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Business World, December 31, 2011


If Italy and Spain join Portugal and Greece, 2012 will be an apocalyptic year for the European Union

Interview with Frank-Jurgen Richter

A month ago, we held the Horasis Global China Business Meeting in Valencia, Spain. That was attended by a big delegation of Chinese firms. Then, the Chinese government and companies were hailed as the last resort to bail out Europe. There was a lot of speculation on China’s sovereign wealth funds buying into Europe. The European Union president Herman Van Rompuy and other European leaders went to Beijing to persuade China to invest in Europe; French President Nicolas Sarkozy and German chancellor Angela Merkel were knocking on the door of China on behalf of other European countries. But the response from Beijing was lukewarm. China said they wanted to help Europe, but on their terms.

China wants developed market-economy status at the World Trade Organisation. There are anti-trust cases against it at the forum. So, it will give a little bit, not the amounts Europeans have in mind. It will strategically buy European firms — at much better prices. It is a much better approach, much better than just buying sovereign wealth or debt, which does not have a direct industrial link. By buying companies, the Chinese will be seen as the saviour of Europe.

Most Chinese entrepreneurs believe China is a rising power and will benefit from the fall of Europe. But in our China meeting, a textile exporter said that if European markets go down, it could affect their exports. So they have both sentiments; bullish as well as apprehensive.

In Europe, China is interested in branded, retail and high-tech engineering products. The Chinese are looking at not just suppliers of automobile, but even buying whole car makers. For example, the Chinese have bought Volvo. And Volvo that was owned by Ford Motor is now owned by Chinese company Geely. Many people said China cannot own a European car brand, but the Chinese have turned it around, even without changing the workforce. In fact, they gave a lot of autonomy to the Swedish managers.

The Europeans want Chinese companies to invest in greenfield operations and set up their regional headquarters in Europe. But the Chinese are more interested in buying firms rather than setting up new companies. Their approach is to get hold of a brand and then revive it.

Compared to China or even Indonesia, India’s level of investment is small. But India can do much more. It has a lot to do with perceptions. There are some Indian examples. Rahul Bajaj had a partnership with Piaggio in Italy, and has a tie-up with Germany’s Allianz. Baba Kalyani of Bharat Forge owns mid-size German makers of forge products. In fact, this is the best way to do it — buy smaller companies and integrate them. Big-ticket deals might not work for Indian companies. Take Corus. Tata is a great company, but Tata Steel initially had big trouble integrating Corus.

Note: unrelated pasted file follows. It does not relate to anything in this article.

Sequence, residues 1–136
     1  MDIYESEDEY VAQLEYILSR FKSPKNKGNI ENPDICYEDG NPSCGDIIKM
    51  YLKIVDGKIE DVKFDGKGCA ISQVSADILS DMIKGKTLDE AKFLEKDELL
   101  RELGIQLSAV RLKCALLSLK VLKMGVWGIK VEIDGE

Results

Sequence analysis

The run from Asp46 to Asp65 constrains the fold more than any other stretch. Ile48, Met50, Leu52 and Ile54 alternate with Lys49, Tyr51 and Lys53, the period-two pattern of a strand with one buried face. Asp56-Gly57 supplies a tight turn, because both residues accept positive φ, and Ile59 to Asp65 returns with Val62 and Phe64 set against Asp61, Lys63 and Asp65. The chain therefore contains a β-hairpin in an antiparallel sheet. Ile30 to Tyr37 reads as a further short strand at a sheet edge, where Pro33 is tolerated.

All export-oriented companies will suffer. The automotive sector is going strong now, but it will slow down. The question is what will happen to India’s IT outsourcing firms. Some say that when a crisis hits, the outsourcing business will gain as companies will cut costs and outsource more. This was true for the first crisis in 1998 when a lot of companies outsourced to Wipro, Infosys and TCS. But now the second part of the crisis is different; IT companies will suffer, as there is not much room to outsource anymore. And European and US customers will cut business. But Indian pharma companies are thriving as they mostly supply to local markets. Fortunately, India is not so much dependent on exports like China.

The year 2012 will be an apocalyptic year for Europe. Things will get worse; I am extremely pessimistic. Even the Euro might fall apart. Of course, a lot of people talk about it. If Greece falls, what about countries such as Italy, Spain and Portugal? Greece is a very small country, accounting for hardly 2 per cent GDP of the whole of Europe. If Italy or Spain goes down the drain, the impact will be different. It will trawl the whole of Europe into a deep debt crisis. And the impact will be worldwide — the world could slip into a deep recession for the next few years. Needless to say, it can impact India, too.

The fall of Greece is certain. Because coming from Europe, I do not see any other way. Some austerity measures are underway now, but those are not enough. People on the streets are violent — I would not call it a civil war yet. And in European elections, the extreme parties are winning. That is dangerous.

Sitting in India, you cannot imagine how serious the crisis in Europe is. Today, when you walk into any European city, you see beggars all around. You see many young people begging on the streets all over Europe — even in Germany. People who lose jobs cannot afford their lifestyle anymore because there is no social net. I am not saying this because gloom sells, but I am convinced this will happen.


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